Thank you for your help!
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With the current system in place that requires the creator to individually approve community captions there shouldn't be any more capacity for abuse than the change you're describing where creators have to upload captions themselves.  As futile as it might be, I beg you to reconsider this decision.  In my experience as a person who has uploaded community subtitles (specifically translation) that were approved by the creator and helped others to view the video, my use of the system hasn't been limited by my desire to contribute subtitles, but rather that the feature is often not available on most channels (because by default if I'm not mistaken community contributions are turned off and must be manually turned on by the channel creator, which is not something many people know to do when creating a channel).  It has already been an uphill battle against the system for community contributions because as far as I've heard YouTube doesn't notify a creator when there are subtitles awaiting approval, and it is up to the community to try and contact channels through outside means in order to let them know that there are subtitles waiting to be approved.  It's no wonder that the system doesn't see overwhelming usage with how many hoops that are required to be jumped through to make it work, but having to jump through hoops is better than trying to jump through a brick wall.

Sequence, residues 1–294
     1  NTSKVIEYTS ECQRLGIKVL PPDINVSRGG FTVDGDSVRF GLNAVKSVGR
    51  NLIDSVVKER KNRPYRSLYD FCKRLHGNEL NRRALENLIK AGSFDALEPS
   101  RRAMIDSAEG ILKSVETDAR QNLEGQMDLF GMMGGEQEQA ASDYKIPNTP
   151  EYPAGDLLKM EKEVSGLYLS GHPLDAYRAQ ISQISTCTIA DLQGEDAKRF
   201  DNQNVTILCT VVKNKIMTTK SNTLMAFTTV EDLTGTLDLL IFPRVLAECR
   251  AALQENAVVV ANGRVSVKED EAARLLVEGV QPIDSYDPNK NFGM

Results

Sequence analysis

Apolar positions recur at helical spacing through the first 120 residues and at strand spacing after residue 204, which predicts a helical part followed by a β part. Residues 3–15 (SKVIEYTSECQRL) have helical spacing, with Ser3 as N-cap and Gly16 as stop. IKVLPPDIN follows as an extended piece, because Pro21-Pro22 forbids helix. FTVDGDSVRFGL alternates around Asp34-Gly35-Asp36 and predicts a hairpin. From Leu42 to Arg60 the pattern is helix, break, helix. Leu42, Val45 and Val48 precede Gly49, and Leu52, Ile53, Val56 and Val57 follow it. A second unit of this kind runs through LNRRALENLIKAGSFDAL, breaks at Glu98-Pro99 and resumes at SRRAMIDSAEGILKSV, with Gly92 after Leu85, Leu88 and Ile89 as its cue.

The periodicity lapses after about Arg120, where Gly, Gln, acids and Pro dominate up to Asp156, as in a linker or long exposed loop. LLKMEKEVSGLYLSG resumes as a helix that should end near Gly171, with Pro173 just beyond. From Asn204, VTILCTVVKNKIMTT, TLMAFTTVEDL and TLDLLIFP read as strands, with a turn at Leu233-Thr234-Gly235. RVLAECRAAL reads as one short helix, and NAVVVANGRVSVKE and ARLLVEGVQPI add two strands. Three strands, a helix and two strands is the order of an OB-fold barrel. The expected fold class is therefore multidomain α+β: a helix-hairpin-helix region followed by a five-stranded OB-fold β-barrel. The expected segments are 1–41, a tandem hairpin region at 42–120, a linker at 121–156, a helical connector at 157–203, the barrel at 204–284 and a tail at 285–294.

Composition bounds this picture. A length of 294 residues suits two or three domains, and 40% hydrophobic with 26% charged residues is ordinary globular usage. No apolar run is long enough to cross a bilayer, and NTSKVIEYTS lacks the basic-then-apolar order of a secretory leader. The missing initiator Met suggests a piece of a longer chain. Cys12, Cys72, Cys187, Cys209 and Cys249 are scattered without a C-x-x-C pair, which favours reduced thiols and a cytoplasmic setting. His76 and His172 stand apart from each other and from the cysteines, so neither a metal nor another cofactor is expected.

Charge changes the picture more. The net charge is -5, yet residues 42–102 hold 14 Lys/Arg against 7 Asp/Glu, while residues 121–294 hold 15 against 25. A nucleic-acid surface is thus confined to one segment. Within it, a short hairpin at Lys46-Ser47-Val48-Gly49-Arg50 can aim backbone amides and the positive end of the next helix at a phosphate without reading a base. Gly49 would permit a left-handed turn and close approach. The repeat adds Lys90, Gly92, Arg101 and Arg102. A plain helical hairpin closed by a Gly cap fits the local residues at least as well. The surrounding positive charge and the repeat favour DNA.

Once again, I ask that YouTube reconsiders this decision.  While community subtitles may not see overwhelming usage, the portion of YouTube that does use them is greatly improved by their presence, and steps have already been put in place to prevent abusive subtitles from being approved.
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As someone who has a very global audience and typically receives translations in about 30 languages per video, this is very disappointing to hear. Your claim that "both creators and viewers have reported problems with the community contributions feature" doesn't justify removing the feature entirely since creators have always had the option to turn off community contributions if they didn't want to use it. Creators also have to manually approve the translations before they get published, so I'm not understanding the issue regarding "spam, abuse, and low quality submissions". I hope you can reconsider moving forward with this update as it is unfavorable towards multilingual, international channels. Thank you.